Published: 09:48, 19 March 2013 |
Updated: 16:09, 09 January 2014
by Nick Lillitos
Vegetarian Natasha Duffy felt physically sick when she noticed what she suspects were pieces of meat in her cheese and onion pasty.
The 21-year-old shop assistant bought it from Tesco in Tovil for her evening meal.
"I put one slice in the oven and got to eating it half way when I noticed tiny pieces of pinky coloured meat on my plate," she said.
"So I lifted up the remaining pastry and found more pieces. They gave off a foul smell on closer examination. I wanted to throw up."
Miss Duffy, of Church Street, Maidstone, said she opened up the uncooked slice to investigate further - but there was no meat present. She binned it, keeping only the offending pieces from the other slice.
The £1.50 own-brand product is labelled suitable for vegetarians.
"I was quite shocked," she added. "My partner Benjamin Turner took a sniff and he too thought it didn’t smell right.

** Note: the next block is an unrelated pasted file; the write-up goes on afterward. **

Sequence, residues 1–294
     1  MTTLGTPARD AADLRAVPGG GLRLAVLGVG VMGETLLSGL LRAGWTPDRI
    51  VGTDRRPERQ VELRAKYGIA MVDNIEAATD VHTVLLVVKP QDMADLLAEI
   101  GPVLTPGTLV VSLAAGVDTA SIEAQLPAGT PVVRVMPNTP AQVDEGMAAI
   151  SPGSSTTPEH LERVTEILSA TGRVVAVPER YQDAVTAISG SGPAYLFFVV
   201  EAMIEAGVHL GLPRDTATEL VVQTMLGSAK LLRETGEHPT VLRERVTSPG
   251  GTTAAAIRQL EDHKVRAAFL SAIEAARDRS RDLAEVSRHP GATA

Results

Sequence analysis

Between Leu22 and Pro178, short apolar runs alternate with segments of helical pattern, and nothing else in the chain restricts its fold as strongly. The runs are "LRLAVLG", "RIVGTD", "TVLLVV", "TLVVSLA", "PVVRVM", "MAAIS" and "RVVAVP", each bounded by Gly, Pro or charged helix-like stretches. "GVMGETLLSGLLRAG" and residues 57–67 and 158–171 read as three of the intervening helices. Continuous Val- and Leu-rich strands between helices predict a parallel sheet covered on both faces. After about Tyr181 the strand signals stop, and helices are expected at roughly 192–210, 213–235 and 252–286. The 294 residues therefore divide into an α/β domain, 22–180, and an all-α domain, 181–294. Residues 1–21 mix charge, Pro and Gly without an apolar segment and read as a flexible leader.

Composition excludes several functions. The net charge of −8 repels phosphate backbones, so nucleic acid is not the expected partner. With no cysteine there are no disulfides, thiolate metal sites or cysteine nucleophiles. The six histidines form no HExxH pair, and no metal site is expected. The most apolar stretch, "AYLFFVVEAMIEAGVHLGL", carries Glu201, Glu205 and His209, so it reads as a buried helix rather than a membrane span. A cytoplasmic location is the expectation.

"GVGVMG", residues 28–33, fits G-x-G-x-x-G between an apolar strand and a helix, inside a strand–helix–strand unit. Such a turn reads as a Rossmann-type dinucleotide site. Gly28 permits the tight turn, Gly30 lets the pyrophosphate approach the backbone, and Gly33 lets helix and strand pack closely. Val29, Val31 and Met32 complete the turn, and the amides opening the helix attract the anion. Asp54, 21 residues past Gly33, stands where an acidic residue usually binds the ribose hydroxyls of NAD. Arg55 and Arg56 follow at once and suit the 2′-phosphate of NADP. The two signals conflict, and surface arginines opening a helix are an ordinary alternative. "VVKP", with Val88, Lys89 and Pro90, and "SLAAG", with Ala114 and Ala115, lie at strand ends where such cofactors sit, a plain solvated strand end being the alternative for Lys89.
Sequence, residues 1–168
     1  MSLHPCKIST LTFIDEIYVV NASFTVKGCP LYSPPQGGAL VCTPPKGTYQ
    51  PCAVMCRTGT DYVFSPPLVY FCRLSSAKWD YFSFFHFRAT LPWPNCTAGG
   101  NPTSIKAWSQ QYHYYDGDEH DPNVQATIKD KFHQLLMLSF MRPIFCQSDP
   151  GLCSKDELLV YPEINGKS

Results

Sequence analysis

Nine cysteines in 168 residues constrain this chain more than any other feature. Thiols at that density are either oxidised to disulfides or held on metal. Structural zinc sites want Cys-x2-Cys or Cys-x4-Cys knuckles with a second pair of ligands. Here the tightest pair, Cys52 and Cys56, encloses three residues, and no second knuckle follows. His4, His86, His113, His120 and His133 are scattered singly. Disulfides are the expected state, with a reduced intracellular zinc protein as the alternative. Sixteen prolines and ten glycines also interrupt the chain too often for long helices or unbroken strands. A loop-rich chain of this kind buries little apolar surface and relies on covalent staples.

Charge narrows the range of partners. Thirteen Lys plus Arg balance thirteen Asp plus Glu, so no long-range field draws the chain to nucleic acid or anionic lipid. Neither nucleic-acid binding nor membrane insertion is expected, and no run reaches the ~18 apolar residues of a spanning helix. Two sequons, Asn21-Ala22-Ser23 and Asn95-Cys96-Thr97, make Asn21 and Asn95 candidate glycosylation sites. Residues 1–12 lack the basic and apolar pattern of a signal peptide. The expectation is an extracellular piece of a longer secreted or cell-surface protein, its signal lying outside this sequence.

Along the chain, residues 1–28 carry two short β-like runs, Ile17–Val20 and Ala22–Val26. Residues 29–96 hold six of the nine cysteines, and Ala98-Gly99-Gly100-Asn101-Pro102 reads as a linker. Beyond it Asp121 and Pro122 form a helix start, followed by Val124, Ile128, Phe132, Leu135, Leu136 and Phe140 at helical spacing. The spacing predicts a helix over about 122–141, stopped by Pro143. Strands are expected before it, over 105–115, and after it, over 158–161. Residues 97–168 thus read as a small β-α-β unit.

"I won't be going back to Tesco anytime soon. I'll now be sending the evidence to Tesco for examination."
The supermarket chain has, along with other competitors, been experiencing a torrid time with revelations of horse meat found in products.
It resulted in their shelves being cleared of thousands of items, and a pledge from Tesco's top boss to source more of its meat from the UK.
Chief executive Phillip Clarke told a UK farming conference last month Tesco now wanted to "reconnect" with Britain's meat industry, provided it can meet the demand.
On the latest suspect ingredient, Tesco has promised a thorough investigation.
A spokesman said: "We were concerned to hear about this issue, and if our customer is able to return the product to the store, we will begin a thorough investigation with the supplier.
"Alternatively, we can arrange to pick up the product at the customer's convenience."
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